Things You Won't See at Any Music Festival Outside Planet Bluegrass

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Planet Bluegrass is nothing if not durable. That durability became a widely-disseminated story as the ranch and music festival operation in Lyons rebuilt when a historic flood utterly wrecked it last September

But this weekend's Rocky Mountain Folks Festival proved another kind of resilience, one that relates not to backhoes but to a line of people standing at the box office at midnight, swapping stories of Folks Festivals past.

Planet Bluegrass, like many similarly minded organizations and bands, has earned enough loyalty to have developed a culture rich with specific traditions. Of its three major events (it also operates Telluride Bluegrass and RockyGrass), Folks is the youngest (this was its 24th installment) and least demonstrative of those traditions. Still, there were plenty of oddities for a first time Festivarian:

See also: Nine Months After Colorado's Worst Flood, the Musicians of Lyons Are Ready For a Comeback


So established is the Planet Bluegrass culture that it has its own all-purpose, one-word description. A Festivarian is someone who goes to these festivals -- that's how it was used when it first appeared in an adaptation of the poem Ithaca in a 1994 Telluride Bluegrass program. It caught on, and today the people are Festivarians and the things they do are Festivation. Both usages are common in conversation, signage and widespread, straight-faced documentation of Planet Bluegrass. I'm not sure if you can Festivate or if it's only acceptable as a noun.

The Tarp Run

People line up for music festivals. They also line up for carnival rides, sandwiches and the DMV. Lining up for stuff isn't remarkable. It is so unremarkable that we, as a society, try and avoid lines whenever possible and certainly don't think of them as anything other than a means to an end.

But at Planet Bluegrass, getting in first is a spectacle that begins at 10:30 p.m., eleven and a half hours before the gates open. Each night, people gather outside the box office, and at some time after midnight, a staffer randomly distributes numbers that determine your place in line the next day. That's a long time, long enough that people make a show of it, bringing instruments to play and getting to know the people around them. The next day, another line forms, comprising people who didn't get lottery numbers the night before. At Folks (the tame one, remember), it starts around 6:30 a.m. Festivation fills the hours.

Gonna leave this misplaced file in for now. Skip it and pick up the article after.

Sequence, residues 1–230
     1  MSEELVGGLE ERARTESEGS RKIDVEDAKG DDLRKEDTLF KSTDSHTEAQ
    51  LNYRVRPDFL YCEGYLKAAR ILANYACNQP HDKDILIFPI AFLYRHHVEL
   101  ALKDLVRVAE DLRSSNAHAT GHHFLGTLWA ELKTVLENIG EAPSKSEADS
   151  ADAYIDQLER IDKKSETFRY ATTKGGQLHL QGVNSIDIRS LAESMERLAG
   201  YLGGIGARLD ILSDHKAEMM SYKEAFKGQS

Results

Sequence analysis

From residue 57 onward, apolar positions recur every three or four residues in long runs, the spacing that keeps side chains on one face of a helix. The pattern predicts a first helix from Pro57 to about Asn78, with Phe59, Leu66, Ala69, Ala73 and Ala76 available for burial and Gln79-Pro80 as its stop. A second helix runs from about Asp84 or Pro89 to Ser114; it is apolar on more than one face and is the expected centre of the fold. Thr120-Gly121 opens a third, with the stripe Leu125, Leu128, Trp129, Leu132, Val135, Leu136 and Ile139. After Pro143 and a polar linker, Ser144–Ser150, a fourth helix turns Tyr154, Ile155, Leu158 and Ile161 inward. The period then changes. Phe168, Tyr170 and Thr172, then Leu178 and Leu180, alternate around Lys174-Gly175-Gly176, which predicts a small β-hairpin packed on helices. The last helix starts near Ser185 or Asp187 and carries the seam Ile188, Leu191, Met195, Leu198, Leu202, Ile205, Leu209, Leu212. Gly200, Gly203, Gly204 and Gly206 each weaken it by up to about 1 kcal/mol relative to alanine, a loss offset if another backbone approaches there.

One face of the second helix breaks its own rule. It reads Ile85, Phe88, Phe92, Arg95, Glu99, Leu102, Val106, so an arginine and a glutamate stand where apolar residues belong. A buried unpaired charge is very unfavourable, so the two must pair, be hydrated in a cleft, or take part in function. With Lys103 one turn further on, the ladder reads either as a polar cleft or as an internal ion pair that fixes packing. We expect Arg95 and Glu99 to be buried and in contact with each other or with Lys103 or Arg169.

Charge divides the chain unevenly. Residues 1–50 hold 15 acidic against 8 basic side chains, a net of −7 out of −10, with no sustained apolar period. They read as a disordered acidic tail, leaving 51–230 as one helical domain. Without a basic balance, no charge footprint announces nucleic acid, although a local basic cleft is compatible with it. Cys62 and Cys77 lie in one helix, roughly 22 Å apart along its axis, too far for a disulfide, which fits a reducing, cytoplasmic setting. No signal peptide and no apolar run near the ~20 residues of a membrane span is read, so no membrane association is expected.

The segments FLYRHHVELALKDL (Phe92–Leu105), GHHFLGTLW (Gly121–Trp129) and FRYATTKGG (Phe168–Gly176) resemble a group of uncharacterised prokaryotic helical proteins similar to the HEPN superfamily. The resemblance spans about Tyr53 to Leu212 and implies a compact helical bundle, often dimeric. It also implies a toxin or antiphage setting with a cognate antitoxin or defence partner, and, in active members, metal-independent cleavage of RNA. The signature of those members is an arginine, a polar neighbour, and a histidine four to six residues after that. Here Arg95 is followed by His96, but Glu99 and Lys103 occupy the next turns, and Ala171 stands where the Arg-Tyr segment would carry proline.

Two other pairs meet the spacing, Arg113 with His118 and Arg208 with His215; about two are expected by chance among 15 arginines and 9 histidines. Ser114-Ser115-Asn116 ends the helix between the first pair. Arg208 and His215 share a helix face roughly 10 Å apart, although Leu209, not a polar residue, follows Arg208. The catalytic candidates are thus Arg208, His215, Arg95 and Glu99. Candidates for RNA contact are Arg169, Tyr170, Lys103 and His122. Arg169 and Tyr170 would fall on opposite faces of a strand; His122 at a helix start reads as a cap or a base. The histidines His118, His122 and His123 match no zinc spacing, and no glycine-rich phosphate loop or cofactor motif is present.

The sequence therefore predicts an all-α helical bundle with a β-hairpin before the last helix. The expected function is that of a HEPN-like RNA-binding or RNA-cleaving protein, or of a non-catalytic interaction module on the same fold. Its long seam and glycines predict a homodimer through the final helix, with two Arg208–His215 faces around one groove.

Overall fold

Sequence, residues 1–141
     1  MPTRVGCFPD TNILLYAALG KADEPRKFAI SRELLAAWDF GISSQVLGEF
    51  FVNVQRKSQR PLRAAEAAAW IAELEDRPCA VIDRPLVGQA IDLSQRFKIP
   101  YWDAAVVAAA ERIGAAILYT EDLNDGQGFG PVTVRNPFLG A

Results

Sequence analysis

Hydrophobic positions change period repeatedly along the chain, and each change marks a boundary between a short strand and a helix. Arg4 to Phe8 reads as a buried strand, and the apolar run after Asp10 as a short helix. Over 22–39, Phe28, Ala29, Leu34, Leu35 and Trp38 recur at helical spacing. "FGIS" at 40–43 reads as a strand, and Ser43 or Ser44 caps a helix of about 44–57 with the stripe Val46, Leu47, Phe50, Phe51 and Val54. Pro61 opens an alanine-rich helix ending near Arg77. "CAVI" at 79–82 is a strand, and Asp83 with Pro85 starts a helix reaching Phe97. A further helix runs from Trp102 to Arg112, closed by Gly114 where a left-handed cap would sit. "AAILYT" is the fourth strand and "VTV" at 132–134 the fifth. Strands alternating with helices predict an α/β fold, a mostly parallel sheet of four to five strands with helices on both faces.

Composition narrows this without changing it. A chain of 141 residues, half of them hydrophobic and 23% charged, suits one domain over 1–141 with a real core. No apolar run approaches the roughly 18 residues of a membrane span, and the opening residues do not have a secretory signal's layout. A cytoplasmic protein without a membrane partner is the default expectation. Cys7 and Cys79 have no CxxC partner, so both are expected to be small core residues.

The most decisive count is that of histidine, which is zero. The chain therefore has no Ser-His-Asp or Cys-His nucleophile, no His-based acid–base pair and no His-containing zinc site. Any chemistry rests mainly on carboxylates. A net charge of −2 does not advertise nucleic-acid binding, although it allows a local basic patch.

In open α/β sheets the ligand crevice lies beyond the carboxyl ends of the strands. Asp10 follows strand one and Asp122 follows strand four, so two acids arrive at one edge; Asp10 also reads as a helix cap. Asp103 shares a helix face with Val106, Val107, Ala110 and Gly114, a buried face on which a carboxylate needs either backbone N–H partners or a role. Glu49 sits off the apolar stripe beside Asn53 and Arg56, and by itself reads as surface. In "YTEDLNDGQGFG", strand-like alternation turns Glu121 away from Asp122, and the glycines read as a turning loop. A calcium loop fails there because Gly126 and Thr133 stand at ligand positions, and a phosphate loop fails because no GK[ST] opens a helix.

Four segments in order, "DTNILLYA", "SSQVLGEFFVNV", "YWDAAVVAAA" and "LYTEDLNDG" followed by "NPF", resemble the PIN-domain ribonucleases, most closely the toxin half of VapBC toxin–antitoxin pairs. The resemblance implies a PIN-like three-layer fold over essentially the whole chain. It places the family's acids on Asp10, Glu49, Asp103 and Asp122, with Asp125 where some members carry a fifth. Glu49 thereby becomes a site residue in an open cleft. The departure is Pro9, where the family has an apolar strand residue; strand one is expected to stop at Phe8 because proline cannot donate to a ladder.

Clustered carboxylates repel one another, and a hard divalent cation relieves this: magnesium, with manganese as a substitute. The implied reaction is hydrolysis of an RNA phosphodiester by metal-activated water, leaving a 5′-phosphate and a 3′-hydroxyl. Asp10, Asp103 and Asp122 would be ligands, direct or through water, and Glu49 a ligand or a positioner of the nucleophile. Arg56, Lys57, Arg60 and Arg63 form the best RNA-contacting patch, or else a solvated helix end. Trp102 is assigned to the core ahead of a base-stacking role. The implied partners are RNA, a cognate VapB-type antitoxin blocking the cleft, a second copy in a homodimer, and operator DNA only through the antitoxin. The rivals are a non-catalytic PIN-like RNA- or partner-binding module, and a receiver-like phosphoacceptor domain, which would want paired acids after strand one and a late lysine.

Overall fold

Planet Bluegrass is a beautiful setting, an assessment so unassailable that every single artist who got on Folks Festival's stage made some mention of it. There are no bad seats on that ranch, especially now that they've given the lawn a gentle slope toward in the post-flood reconstruction. Sure, some people probably really want a particular patch of shade or want to reserve a huge area for all their friends, and they wait for the same reasons anyone waits in any line. But the magnitude of the tradition is such that some people definitely do it for no reason other than to participate -- because they enjoy the line.

At ten, the gates open, and an accordion and banjo duet ("the two most hated instruments" says a smiling Planet Bluegrass staffer) play a special arrangement of the William Tell Overture, and people sprint onto the ranch to lay their tarps. Spectators, some of whom definitely aren't watching their own tarps speed toward the front in the hands of their friends, line up along the fence outside the festival's boundaries and cheer them on. Everyone Gets a Standing Ovation

You can infer a great deal about the way a festival is run if people show up for fourteen straight years, wearing the old t-shirts and lining up for hours.

The Planet Bluegrass ranch has a capacity around 5,000, or half the size of Red Rocks. Music festivals and music festival organizations are cropping up constantly these days, and by and large their aspiration is to get bigger and then get bigger. They add second days, second weekends, cruise editions, (more) carnival rides. Planet Bluegrass, like many other niche operations that will outlive their power-and-profit hungry counterparts, seems to aspire to little more than doing stuff that makes the organizers happy on the grounds that it will make the specific audience they attract happy, too. If Coachella is the Monstars, then Planet Bluegrass is the San Antonio Spurs.

Folks Fest is mostly a sitting down thing. The clearest, simplest demonstration of the commitment of the organizers and faith of the attendees is that every single artist all weekend long got a standing ovation.

Rocky Mountain Folks Festival is designed to showcase great songwriting -- there is a week-long Song School that precedes the actual fest -- and this year's lineup featured a colossal array of talent, from underappreciated legends of the form like Greg Brown to flashy up-and-comers like Lake Street Dive to Randy Newman, who is possessed of such rare songwriting acumen that he's routinely described as a treasure. But the unsigned songwriter playing at 11 a.m., when most music festivals are getting their marketing campaign trade agreement battle of the bands winner out of the way, also earned a long, adoring applause.

Maybe that level of enthusiasm and respect for the lineups says something about the quality of the music or maybe it says something about the earnestness of the crowd, but probably it's both.

Rock Towers in the River

The St. Vrain creek runs adjacent to Planet Bluegrass. People set up lawn chairs in it and float down it on inner-tubes and, for reasons I am not enough of a Festivarian to pinpoint, build in it elaborate towers made of rocks. The creek is full of bright red Lyons Sandstone, which breaks in flat, sturdy pieces. You can build your tower high, and the water won't knock it down.

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